Outcome Measures and Infrastructure for Phase III Studies in Batten Disease (JNCL) Conference

Attendees of the 2013 Outcome Measures and Infrastructure for Phase III Studies in Batten Disease (JNCL) Conference.
front row (L-R): Emily de los Reyes, Kathie Sims, Lenora Lehwald, Lori Sikorra, Ruth Williams, Heather Adams, Robert Griggs, Alyssa Thatcher, Sara Defendorf, Albee Messing, Erika Augustine, Gary Clark
back row (L-R): Tina Kissenbeck, Danilo Tagle, Ellen Bletsoe, Silvia Guerra, Robert Steiner, Lisa de Blieck, John Østergaard, Chris Leonard, Jon Mink, Lisa Beth Ferstenberg, John Staropoli
other attendees (not in photo): Jennifer Kwon, Frederick Marshall, Aimee Morris, Michael McDermott, David Pearce, Angela Schulz, Amy Vierhile

On December 6th-7th, 2013, the University of Rochester Medical Center (URMC; Rochester, NY USA) Batten Center and UR Batten Study Group hosted a conference to focus on clinical research issues in Juvenile Batten Disease. Juvenile Neuronal Ceroid Lipofuscinosis (JNCL; Juvenile Batten Disease) is a rare, fatal, inherited childhood-onset neurodegenerative disease, with no established treatments yet that can slow, stop, or reverse disease course. The conference was made possible by a grant from the National Institutes of Health and by support from the University of Rochester Child Neurology Research Fund.

The two-day meeting, titled, “Outcome Measures and Infrastructure for Phase III Studies in Batten Disease (JNCL), included 30 JNCL clinician-scientist experts from the U.S. and Europe, their trainees, parents of JNCL-affected children, and representatives from Batten disease advocacy groups, the National Institutes of Health, and experts from the fields of rare disease research, experimental therapeutics, and biostatistics.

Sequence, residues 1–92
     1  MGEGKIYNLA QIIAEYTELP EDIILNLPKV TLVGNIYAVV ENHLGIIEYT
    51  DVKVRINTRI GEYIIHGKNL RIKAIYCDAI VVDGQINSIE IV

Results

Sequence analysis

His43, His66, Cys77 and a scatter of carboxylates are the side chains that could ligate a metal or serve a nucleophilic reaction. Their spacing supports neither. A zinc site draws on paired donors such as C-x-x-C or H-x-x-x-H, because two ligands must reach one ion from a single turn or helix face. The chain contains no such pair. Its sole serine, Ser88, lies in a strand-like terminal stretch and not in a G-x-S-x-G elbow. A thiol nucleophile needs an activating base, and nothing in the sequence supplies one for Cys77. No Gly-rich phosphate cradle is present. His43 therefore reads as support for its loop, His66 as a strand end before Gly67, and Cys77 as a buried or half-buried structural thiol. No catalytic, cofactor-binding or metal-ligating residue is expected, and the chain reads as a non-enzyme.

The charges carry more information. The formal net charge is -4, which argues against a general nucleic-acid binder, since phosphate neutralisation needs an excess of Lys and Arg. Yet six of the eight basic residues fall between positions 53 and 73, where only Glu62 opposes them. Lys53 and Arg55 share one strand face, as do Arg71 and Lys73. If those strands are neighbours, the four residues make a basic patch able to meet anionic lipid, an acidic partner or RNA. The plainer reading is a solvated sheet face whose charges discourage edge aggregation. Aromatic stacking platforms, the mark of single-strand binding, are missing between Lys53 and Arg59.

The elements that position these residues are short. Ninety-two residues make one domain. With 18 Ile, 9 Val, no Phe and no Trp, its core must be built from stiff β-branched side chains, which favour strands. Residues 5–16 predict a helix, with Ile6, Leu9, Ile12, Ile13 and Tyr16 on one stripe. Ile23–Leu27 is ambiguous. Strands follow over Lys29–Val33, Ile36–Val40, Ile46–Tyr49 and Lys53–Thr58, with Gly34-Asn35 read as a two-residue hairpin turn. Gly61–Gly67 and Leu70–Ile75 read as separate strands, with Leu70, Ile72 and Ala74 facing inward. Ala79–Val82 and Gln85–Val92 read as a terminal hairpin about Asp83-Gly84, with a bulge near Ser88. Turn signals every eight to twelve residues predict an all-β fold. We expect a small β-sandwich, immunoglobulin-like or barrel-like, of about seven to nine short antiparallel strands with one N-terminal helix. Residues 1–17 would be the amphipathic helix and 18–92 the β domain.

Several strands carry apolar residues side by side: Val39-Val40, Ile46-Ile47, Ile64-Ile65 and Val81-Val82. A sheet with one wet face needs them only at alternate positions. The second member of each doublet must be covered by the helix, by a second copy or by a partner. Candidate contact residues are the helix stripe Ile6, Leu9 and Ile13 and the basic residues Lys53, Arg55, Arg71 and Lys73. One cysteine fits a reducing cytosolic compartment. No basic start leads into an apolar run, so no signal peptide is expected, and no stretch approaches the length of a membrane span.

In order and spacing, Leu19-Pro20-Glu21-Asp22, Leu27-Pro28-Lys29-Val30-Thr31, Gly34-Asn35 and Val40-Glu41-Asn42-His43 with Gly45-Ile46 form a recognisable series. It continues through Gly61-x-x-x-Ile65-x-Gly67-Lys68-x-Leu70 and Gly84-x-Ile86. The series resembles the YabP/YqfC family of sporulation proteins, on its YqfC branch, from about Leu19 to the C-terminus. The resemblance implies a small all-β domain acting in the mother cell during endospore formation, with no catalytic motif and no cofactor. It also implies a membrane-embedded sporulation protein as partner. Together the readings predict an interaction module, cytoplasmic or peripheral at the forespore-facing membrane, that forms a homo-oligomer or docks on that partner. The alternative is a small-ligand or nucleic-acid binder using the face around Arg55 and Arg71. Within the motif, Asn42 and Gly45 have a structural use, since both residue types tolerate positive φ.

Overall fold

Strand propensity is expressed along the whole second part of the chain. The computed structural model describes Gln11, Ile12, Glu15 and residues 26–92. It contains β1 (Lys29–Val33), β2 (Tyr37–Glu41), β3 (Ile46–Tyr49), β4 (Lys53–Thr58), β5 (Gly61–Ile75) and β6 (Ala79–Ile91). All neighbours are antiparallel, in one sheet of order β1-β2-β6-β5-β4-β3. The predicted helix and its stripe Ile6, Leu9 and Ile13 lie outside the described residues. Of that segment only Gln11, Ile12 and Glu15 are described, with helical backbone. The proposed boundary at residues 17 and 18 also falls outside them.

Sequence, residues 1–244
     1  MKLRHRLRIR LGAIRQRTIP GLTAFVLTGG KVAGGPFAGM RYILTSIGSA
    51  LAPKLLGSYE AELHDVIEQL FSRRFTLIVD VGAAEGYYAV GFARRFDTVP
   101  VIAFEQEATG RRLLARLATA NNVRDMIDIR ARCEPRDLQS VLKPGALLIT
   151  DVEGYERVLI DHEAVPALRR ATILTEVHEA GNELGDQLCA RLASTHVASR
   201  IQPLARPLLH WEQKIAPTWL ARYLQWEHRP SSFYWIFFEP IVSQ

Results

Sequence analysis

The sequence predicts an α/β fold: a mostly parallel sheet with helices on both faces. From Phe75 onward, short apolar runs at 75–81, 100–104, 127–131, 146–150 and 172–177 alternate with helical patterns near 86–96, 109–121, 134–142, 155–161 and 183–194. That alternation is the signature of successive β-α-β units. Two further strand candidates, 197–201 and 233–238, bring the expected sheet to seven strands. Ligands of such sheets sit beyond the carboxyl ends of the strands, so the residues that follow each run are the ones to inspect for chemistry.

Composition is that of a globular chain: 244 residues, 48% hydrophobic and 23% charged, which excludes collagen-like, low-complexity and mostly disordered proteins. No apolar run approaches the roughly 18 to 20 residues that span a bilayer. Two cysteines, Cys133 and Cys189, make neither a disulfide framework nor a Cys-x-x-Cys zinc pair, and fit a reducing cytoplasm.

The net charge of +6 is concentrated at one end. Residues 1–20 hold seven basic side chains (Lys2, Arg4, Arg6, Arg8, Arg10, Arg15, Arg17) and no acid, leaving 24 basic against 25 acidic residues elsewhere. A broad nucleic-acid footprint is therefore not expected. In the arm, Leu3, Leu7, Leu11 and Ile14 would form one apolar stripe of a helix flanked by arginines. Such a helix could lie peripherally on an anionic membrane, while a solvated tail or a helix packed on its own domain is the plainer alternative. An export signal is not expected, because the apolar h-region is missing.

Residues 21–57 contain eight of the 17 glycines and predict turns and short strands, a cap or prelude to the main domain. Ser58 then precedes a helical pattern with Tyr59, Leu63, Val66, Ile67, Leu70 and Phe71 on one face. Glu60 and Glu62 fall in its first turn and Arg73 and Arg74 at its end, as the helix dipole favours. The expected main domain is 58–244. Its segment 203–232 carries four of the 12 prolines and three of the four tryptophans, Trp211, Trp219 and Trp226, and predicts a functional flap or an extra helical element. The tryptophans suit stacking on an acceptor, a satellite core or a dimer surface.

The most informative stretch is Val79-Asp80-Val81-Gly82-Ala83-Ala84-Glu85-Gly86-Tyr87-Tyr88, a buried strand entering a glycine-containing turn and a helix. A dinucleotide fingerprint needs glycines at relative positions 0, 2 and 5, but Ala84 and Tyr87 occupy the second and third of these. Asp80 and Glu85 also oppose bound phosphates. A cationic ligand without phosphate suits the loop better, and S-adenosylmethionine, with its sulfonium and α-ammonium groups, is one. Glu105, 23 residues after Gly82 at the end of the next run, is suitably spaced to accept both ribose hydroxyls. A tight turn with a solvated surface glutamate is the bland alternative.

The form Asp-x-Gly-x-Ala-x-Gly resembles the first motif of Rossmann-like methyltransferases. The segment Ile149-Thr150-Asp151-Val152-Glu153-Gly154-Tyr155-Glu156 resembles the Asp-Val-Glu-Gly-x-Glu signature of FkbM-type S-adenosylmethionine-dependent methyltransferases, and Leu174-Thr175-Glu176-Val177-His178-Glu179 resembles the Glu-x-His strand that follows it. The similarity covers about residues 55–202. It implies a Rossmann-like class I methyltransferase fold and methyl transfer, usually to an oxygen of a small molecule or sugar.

As with all rare diseases, the ‘road map’ to move JNCL research from the lab to patients is challenging. All current clinical research in JNCL is in the “Phase II” stage. At this stage of research, the focus is on whether potential treatments are safe and well-tolerated. The conference participants convened to discuss challenges and opportunities for the next stage of research - Phase III clinical trials. Phase III trials focus on clinical efficacy, or in other words, testing whether experimental treatments are effective at treating disease. Although there are no treatments yet identified for Phase III research, there are many issues to address in preparation for future trials, including, but not limited to:

  • How to reach out to and enroll patients, since the population is so small and spread across the world
  • Setting standards for measuring whether a potential new treatment is effective
  • Identifying potential targets of treatment (e.g., specific symptoms of the disease; disease progression)
  • Identifying and expanding infrastructure (such as patient registries)
  • Building/strengthening collaborations among international research sites
  • Identifying potential funding opportunities

The conference hosts at URMC will be preparing meeting proceedings to be published in a peer-reviewed scientific journal. When published, details will be made available here. This website also contains summary materials from the meeting, and we hope it will also eventually serve as online forum for ongoing discussion, to continue the work that was initiated at the conference.

Support for this conference was provided by:

The National Institutes of Health – National Institute of Neurological Diseases and Stroke (NIH/NINDS): 1R13 NS078981, Outcomes and Infrastructure for Phase III Clinical Trials in JNCL - Batten Disease

The University of Rochester Child Neurology Research Fund